You are going down the right road. Much depends on if you are using ISA 2004 or an earlier version. ISA 2004 will simplify a lot of the detailed routing. If you have the firewall/proxy inline between your network switch and the router, you just need to make sure that your ISA is configured to route the traffic from the one side to the other side. You will need an IP assigned from the router (ISP or other provider?) for the upside port(s), and your own private or public IP for the downside port(s)
You may want to set your servers to private IPs and put a private IP on the internal port of the ISA server. ISA 2004 allows you to publish Web, DNS and other servers from inside your network, so you don't _have_ to put public IPs on those systems.
If you have any idea of how much traffic you are going to have flow through the firewall/proxy, that will have an impact on how you size the system you place in the ISA spot. You might want to put more than two NICs on the system. Say, four dual-port gig NICs. Team one set of ports to one IP, and the other set of ports to the other IP. This enhances throughput. Then you need to look at HD size and speed (caching), memory and processor(s). Put an MRTG (Google: MRTG) monitor together and set it up to look at the uplink port on your switch. If the graph is maxed all the time, you'll be adding to the bottleneck with and underpowered ISA box.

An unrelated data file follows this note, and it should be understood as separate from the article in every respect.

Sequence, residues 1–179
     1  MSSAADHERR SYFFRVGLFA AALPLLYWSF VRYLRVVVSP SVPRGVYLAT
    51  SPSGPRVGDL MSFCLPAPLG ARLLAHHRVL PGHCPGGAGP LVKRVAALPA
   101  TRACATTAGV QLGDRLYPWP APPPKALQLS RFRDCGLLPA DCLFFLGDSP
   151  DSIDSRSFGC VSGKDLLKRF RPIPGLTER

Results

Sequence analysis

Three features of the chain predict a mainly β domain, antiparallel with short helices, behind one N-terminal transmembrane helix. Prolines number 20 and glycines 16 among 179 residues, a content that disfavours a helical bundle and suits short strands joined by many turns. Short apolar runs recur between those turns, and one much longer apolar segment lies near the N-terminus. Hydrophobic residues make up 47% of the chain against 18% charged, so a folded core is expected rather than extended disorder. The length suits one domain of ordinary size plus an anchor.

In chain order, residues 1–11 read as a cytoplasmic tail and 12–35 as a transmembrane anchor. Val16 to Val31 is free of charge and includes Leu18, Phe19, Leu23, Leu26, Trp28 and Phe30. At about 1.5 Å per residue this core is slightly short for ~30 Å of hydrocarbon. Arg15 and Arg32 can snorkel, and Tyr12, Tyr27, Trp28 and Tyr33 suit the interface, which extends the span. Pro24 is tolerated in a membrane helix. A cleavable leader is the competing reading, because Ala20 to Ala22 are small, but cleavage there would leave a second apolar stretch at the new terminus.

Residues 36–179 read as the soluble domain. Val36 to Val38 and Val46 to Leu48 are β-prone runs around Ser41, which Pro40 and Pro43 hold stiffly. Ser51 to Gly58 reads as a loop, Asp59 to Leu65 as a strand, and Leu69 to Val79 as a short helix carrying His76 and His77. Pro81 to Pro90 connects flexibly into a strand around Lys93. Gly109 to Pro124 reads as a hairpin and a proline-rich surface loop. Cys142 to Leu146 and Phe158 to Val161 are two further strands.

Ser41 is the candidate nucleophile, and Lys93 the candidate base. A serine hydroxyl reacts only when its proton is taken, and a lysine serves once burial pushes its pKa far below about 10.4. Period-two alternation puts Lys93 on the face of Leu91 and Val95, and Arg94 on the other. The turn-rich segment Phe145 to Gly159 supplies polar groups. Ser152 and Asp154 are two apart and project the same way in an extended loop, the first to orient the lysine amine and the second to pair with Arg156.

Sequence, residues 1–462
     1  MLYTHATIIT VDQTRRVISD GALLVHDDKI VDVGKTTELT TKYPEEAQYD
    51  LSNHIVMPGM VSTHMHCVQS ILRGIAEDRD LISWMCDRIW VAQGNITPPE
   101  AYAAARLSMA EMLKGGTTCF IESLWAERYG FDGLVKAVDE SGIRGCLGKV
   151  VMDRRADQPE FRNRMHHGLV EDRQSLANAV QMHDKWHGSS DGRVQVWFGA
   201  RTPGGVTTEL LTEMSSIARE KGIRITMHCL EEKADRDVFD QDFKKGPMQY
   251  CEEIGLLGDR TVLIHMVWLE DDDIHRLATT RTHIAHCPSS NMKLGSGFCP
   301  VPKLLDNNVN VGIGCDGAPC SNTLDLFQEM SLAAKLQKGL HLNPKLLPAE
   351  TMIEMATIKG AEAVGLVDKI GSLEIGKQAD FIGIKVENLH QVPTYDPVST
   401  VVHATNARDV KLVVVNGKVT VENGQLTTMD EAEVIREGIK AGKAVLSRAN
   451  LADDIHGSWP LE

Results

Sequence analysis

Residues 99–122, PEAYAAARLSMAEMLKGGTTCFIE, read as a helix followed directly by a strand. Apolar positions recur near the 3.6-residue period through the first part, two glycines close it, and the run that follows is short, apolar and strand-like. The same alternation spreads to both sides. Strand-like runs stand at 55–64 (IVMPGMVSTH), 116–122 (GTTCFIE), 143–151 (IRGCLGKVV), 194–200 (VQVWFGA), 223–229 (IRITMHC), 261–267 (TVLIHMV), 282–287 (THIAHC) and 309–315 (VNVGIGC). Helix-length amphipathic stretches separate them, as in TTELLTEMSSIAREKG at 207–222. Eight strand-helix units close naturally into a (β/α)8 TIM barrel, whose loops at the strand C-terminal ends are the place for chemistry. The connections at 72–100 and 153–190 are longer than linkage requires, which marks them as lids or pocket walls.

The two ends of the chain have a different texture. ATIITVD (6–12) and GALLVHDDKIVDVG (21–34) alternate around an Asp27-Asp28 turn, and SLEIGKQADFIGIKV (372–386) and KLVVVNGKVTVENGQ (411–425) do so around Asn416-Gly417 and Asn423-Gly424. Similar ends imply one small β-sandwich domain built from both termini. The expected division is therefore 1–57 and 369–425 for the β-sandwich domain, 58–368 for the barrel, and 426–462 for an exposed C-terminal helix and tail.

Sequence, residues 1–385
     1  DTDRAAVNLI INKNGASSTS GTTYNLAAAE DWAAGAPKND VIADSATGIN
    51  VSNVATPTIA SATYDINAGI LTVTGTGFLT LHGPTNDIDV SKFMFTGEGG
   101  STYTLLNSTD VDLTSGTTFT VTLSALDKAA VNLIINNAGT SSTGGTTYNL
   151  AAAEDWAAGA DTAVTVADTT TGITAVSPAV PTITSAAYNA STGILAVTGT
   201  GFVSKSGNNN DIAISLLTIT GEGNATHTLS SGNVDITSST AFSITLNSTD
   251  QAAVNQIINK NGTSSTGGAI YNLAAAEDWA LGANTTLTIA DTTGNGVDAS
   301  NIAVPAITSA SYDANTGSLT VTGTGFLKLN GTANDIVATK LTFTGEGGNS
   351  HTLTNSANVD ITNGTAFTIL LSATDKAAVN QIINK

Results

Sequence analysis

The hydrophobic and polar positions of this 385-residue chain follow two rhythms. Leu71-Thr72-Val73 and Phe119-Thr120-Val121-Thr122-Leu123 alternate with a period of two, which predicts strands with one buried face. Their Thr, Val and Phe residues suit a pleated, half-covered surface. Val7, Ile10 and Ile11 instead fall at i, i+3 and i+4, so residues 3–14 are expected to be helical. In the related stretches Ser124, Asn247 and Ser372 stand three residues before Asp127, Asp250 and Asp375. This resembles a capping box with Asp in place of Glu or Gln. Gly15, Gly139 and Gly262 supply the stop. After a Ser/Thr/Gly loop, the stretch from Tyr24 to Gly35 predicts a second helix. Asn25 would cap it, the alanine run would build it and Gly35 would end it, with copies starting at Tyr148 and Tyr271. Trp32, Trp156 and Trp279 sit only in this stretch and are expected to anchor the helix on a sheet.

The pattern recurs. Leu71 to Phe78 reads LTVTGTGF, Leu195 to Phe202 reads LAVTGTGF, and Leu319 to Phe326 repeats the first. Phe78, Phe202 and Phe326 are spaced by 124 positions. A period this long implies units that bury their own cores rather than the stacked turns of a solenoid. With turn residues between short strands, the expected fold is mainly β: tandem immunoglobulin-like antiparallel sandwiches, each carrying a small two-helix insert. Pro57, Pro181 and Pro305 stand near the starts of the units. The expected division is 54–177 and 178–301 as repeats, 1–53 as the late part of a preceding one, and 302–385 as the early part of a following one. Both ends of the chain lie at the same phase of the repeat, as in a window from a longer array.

Hope this helps.
September 29th, 2004, 07:13 AM
Thanks rapier57, I learn a lot from your comments
However, the problem is the IP address of the servers are all public IP addresses. I can't change them to private IP addresses (because that will change the whole server system, while I'm just a newly assigned and unexperienced Admin)
So I guess I will demand the IP address for the upside port of the ISA Server computer from the ISP (in this case, it is SingTel), and the downside port IP address would be a public one